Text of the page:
When it comes to being a travel pro, you won’t find many more well-travelled than the author of 1000 Places To see Before You Die, Patricia Schultz. We decided to pick the brain of Trafalgar’s Global Brand Ambassador on her thoughts on the next travel trends, her best tips and, in light of International Women’s Day on March 8th, 2018, how travelling can empower women.
What are some of the biggest travel trends you see for 2018?
The appeal of river cruising continues to be popular, in both Europe (from the Seine to the Danube) and beyond (Southeast Asia, India or the Amazon). Sustained attention on active and adventure travel such as biking and hiking, wellness vacations, and increased numbers in solo travel. Immersive and transformational experiences
are key, and the more local and rewarding the better.
Don’t pass up on a trip to Norway in 2018.
When it comes to hot new destinations, what do you think will be a hit in 2018?
There is very little that is new under the sun! But new focus is being directed to – or remains on – European destinations such as Iceland, Norway, Switzerland, Portugal, Croatia and beyond (next door Montenegro and its other Balkan neighbors) and Malta; Middle Eastern classics such as Jordan and Egypt that are seeing return numbers increase again; and once remote and off-the-radar places like Antarctica and Greenland have become more accessible and more appealing. There are so many perennial favorites that never go out of style such as Italy, Ireland and Thailand.
Peru is still a hot destination. Photo courtesy of pexels.com
If you want to really be ahead of the travel curve, what places do you think will be up and coming in 2019?
The Caucasus destinations of Armenia and (the Republic of) Georgia, and Uzbekistan and its other “Stan” neighbors in Central Asia. Peru and Ecuador have long been (and continue to be) popular but Colombia is appearing on more travellers’ radar – and it may finally be Bolivia’s moment.
What are some of the benefits to travelling to super popular destinations?
When robust tourism numbers support certain destinations, competition for their attention promises more competitive and moderate pricing. The infrastructure is better and more options are available. Better hotels and more varied options abound and the all-around experience can generally be done in a moderately priced way. There are ways to avoid the crowds with travel experts like Trafalgar whose expertise promises you a meaningful experience while avoiding the crowds, lines and congestion that commonly are part of the deal when destinations have long been overly loved.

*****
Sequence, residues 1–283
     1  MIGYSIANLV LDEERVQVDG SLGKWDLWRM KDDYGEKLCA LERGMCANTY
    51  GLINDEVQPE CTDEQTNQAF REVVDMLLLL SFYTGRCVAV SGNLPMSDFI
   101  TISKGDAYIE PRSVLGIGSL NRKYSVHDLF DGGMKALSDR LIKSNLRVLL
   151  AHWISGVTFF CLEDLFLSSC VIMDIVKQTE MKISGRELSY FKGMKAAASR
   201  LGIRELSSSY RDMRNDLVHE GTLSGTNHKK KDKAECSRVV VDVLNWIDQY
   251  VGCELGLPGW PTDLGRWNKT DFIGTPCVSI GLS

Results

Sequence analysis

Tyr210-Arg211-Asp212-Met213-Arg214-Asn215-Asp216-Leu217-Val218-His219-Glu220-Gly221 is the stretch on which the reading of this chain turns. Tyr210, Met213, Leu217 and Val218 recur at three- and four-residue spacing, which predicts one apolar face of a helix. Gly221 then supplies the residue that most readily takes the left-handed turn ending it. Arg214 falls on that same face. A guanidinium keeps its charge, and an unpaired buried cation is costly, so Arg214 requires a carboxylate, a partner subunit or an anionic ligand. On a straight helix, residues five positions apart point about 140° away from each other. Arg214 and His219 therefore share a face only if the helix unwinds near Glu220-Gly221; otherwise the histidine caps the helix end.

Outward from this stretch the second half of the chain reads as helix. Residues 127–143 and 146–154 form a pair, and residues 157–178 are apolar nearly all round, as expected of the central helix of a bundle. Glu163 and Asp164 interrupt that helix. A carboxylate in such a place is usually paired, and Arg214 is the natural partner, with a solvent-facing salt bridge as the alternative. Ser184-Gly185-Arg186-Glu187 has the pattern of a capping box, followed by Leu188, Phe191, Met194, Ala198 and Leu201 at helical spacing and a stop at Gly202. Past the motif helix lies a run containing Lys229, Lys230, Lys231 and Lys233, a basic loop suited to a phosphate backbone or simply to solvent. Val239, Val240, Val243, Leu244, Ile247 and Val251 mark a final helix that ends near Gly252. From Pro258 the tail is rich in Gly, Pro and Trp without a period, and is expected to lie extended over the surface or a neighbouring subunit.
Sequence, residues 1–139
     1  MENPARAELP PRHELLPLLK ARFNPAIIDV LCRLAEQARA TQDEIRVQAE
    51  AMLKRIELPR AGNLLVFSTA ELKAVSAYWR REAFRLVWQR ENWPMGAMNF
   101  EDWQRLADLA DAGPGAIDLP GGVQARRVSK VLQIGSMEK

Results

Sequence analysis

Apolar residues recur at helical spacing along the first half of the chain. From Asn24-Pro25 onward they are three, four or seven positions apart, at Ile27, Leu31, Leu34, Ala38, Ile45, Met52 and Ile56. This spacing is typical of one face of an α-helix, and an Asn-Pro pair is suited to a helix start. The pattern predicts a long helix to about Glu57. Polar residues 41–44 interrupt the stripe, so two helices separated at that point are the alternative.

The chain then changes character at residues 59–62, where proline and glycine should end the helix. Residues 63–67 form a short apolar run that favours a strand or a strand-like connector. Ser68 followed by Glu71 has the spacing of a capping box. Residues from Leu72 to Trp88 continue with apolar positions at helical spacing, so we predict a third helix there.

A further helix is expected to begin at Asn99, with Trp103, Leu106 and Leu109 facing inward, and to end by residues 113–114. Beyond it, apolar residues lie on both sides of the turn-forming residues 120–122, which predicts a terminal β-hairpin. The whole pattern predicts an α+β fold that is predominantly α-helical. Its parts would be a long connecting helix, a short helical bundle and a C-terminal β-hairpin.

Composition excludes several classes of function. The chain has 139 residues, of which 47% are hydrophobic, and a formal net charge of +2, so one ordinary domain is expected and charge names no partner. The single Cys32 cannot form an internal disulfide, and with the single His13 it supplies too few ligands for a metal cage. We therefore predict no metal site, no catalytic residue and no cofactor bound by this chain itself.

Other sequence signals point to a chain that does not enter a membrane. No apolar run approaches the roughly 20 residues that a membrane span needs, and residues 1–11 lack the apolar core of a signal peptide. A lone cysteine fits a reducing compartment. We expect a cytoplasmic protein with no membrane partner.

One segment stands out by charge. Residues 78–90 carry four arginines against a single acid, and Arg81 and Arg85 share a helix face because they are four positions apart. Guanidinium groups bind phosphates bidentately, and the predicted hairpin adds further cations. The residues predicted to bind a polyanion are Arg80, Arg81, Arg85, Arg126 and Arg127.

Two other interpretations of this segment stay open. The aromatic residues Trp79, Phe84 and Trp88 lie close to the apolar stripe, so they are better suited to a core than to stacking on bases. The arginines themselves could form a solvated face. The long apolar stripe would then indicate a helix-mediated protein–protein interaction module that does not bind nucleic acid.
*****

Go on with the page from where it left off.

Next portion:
The incredible views of Patagonia are hard to get to, but worth it.
What are some pros and cons to visiting more remote/less visited areas?
The pros are that the level of novelty and authenticity will be at its highest, and a better chance for the traveler to enjoy a unique and exciting experience not shared with many. How many friends do you have who have been to Mongolia or China’s Yunnan Province? The steppes of Patagonia? The cons are what you would expect (and what many would consider them more of a challenge or obstacle); a limited infrastructure where cultural and language barriers may not make for smooth sailing. Less seasoned travelers might consider signing up with a travel company who can promise an easier but no less authentic adventure. The important thing is to go before McDonalds gets there!
Since International Women’s Day is coming up soon, how do you think travel can impact the empowerment of women?
There is no down side to women travelling in greater numbers and to more varied destinations. Travel in general makes us better people and more thoughtful citizens of the world. It builds confidence and courage and tolerance. It nurtures that inherent sense of curiosity that we are born with, that needs to constantly be nurtured over time so that it does not grow dim or go dark. A sense of independence and a respect for others come with the experience – I don’t doubt that women who move into positions of leadership on local or international levels have ample travel experience behind them. So much of who we are comes from where we have been and what we have experienced. Politicians should need to show their passports before they can run for office.
What are the top three things travel has taught you about yourself?
There is very little that travel throws at you that can not be handled. There are kind and lovely people everywhere in the world – they have been my greatest teachers. I am at my best and happiest – and am most hopeful about the world – when I travel.
You’ve been listed as one of the most influential women in travel, what would you say to encourage young women to see the world?
Don’t wait for a friend or sibling or husband to be ready before you strike off to see the world. If I had done that, I would never have seen anything. The world is huge and there is no time like the present. Travel helped me understand what was important to me, what I needed to make me feel alive – and what kind of world I wanted to live in. My life would not have been half as rewarding or thrilling had I never left my comfort zone.
It’s not hard to see why NYC is one of Patricia’s favourite spots.
Lastly, you call one of our favourite cities in the world home, New York… where is your favourite nook in Manhattan to people watch/reflect?
Central Park is the most visited urban park in the world – and it is a 5 minute walk from my apartment. Pull up a park bench and watch locals and visitors of all shapes and colors from around the globe who come here to see how we New Yorkers recharge and spend a Sunday afternoon. It’s also amazingly easy to find a patch of grass to be alone with your thoughts in one of the busiest and most congested cities in the world. I love New York. We are only half kidding when we say it is the center of the universe.
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